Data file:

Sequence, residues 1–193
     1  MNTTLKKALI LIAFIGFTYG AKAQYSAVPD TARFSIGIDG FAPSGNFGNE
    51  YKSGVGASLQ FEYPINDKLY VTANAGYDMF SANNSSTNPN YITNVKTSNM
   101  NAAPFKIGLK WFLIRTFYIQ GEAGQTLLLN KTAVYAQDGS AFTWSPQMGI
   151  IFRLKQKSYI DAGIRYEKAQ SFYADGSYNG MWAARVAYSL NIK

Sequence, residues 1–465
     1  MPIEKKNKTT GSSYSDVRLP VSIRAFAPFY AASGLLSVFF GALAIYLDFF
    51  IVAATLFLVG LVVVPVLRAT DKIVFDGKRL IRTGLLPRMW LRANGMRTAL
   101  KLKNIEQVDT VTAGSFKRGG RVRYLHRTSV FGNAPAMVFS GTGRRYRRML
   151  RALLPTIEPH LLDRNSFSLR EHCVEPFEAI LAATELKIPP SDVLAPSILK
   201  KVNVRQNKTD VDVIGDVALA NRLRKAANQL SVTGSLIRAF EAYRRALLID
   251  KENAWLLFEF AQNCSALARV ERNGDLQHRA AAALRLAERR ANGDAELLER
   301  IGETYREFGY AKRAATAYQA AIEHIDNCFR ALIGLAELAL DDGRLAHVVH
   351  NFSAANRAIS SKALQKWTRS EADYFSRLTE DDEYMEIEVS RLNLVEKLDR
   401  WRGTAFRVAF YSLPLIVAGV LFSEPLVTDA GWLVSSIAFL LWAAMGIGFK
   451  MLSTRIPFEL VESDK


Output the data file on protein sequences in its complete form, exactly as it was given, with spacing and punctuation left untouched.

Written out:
Sequence, residues 1–193
     1  MNTTLKKALI LIAFIGFTYG AKAQYSAVPD TARFSIGIDG FAPSGNFGNE
    51  YKSGVGASLQ FEYPINDKLY VTANAGYDMF SANNSSTNPN YITNVKTSNM
   101  NAAPFKIGLK WFLIRTFYIQ GEAGQTLLLN KTAVYAQDGS AFTWSPQMGI
   151  IFRLKQKSYI DAGIRYEKAQ SFYADGSYNG MWAARVAYSL NIK

Sequence, residues 1–465
     1  MPIEKKNKTT GSSYSDVRLP VSIRAFAPFY AASGLLSVFF GALAIYLDFF
    51  IVAATLFLVG LVVVPVLRAT DKIVFDGKRL IRTGLLPRMW LRANGMRTAL
   101  KLKNIEQVDT VTAGSFKRGG RVRYLHRTSV FGNAPAMVFS GTGRRYRRML
   151  RALLPTIEPH LLDRNSFSLR EHCVEPFEAI LAATELKIPP SDVLAPSILK
   201  KVNVRQNKTD VDVIGDVALA NRLRKAANQL SVTGSLIRAF EAYRRALLID
   251  KENAWLLFEF AQNCSALARV ERNGDLQHRA AAALRLAERR ANGDAELLER
   301  IGETYREFGY AKRAATAYQA AIEHIDNCFR ALIGLAELAL DDGRLAHVVH
   351  NFSAANRAIS SKALQKWTRS EADYFSRLTE DDEYMEIEVS RLNLVEKLDR
   401  WRGTAFRVAF YSLPLIVAGV LFSEPLVTDA GWLVSSIAFL LWAAMGIGFK
   451  MLSTRIPFEL VESDK